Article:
Putin calls for talks on east Ukraine 'statehood'
Putin's spokesman said that this was not an endorsement of rebel independence, and said that 'New Russia,' a term pro-Moscow rebels use for their territory, should remain part of Ukraine.
MOSCOW and MARIUPOL, Ukraine
Russian President Vladimir Putin called on Sunday for immediate talks on "statehood" for southern and eastern Ukraine, although his spokesman said this did not mean Moscow now endorsed rebel calls for independence for territory they have seized.
The Kremlin leader's remarks, which follow a feisty public appearance in which he compared the Kiev government to Nazis and warned the West not to "mess with us," came with Europe and the United States preparing new sanctions to halt what they say is direct Russian military involvement in the war in Ukraine.
Ukrainian troops and local residents were reinforcing the port of Mariupol on Sunday, the next big city in the path of pro-Russian fighters who pushed back government forces along the Azov Sea this past week in an offensive on a new front.
Ukraine and Russia swapped soldiers who had entered each other's territory near the battlefield, where Kiev says Moscow's forces have come to the aid of pro-Russian insurgents, tipping the balance on the battlefield in the rebels' favor.
Talks should be held immediately "and not just on technical issues but on the political organization of society and statehood in southeastern Ukraine," Putin said in an interview with Channel 1 state television, his hair tousled by wind on the shore of a lake.
Moscow, for its part, he said, could not stand aside while people were being shot "almost at point blank."
Putin's use of the word "statehood" was interpreted in Western media as implying backing for the rebel demand of independence, something Moscow has so far stopped short of publicly endorsing.
However, Putin's spokesman Dmitry Peskov said there was no new endorsement from Moscow for rebel independence. Asked if "New Russia," a term pro-Moscow rebels use for their territory, should still be part of Ukraine, Peskov said: "Of course."
"Only Ukraine can reach an agreement with New Russia, taking into account the interests of New Russia, and this is the only way to reach a political settlement."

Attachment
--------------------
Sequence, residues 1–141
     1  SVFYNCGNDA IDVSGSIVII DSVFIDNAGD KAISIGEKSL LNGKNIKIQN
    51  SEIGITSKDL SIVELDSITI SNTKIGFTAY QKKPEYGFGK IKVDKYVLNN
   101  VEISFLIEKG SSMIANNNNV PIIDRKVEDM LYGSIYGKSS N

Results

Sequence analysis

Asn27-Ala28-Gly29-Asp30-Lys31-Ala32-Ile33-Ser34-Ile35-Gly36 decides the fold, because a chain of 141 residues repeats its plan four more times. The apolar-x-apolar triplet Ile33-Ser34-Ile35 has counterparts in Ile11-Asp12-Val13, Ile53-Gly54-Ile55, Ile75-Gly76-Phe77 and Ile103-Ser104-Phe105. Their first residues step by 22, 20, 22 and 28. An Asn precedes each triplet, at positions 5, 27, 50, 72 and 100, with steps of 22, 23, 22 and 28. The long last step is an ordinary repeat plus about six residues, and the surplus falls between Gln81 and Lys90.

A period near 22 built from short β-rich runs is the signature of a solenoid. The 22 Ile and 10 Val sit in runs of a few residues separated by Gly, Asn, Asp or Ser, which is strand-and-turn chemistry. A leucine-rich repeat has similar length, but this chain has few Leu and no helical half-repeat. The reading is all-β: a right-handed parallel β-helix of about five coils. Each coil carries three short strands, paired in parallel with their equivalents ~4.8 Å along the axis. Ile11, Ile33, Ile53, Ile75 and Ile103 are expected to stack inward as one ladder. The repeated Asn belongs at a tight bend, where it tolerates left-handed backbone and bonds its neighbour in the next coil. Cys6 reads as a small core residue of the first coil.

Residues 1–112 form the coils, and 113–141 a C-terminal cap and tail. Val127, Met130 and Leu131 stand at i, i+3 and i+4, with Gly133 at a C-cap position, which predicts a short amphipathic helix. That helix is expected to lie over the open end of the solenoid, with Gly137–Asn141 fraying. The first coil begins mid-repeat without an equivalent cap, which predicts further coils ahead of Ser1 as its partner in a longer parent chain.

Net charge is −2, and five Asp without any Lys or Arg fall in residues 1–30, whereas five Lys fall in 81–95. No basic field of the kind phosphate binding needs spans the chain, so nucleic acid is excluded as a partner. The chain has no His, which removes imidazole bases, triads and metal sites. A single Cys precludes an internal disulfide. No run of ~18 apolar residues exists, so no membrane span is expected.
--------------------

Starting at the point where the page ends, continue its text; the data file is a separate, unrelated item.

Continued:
Rebels have rallied behind the term "New Russia" since Putin first used it in a public appearance in April. Putin called it a tsarist-era term for land that now forms southern and eastern Ukraine. Ukrainians consider the term deeply offensive and say it reveals Moscow's imperial designs on their territory.
Moscow has long called for Kiev to hold direct political talks with the rebels. Kiev says it is willing to have talks on more rights for the south and east, but will not talk directly to armed fighters it describes as "international terrorists" and Russian puppets that can only be reined in by Moscow.
The deputy leader of the rebel Donetsk People's Republic, Andrei Prugin, said he was due to participate in talks in the Belarus capital Minsk on Monday. Past talks by a so-called "contact group" involving Moscow, Kiev and rebels have covered technical issues like access to the crash site of a Malaysian airliner shot down in July, but not political questions.
The past week has seen Ukrainian forces flee in the path of a new rebel advance, drawing concern from Ukraine's Western allies, who say armored columns of Russian troops came to the aid of a rebellion that would otherwise have been near collapse.
European Union leaders agreed on Saturday to draw up new economic sanctions against Moscow, a move hailed by the United States, which is planning tighter sanctions of its own and wants to act jointly with Europe.
Some residents of Mariupol have taken to the streets of the port to show support for the Ukrainian government as pro-Russian forces gain ground. Many others have fled from the prospect of an all-out assault on the city of nearly 500,000 people.
"We are proud to be from this city and we are ready to defend it from the occupiers," said Alexandra, 28, a post office clerk wearing a ribbon in blue and yellow Ukrainian colors.
"We will dig trenches. We will throw petrol bombs at them, the occupiers," she said. "I believe our army and our (volunteer) battalions will protect us."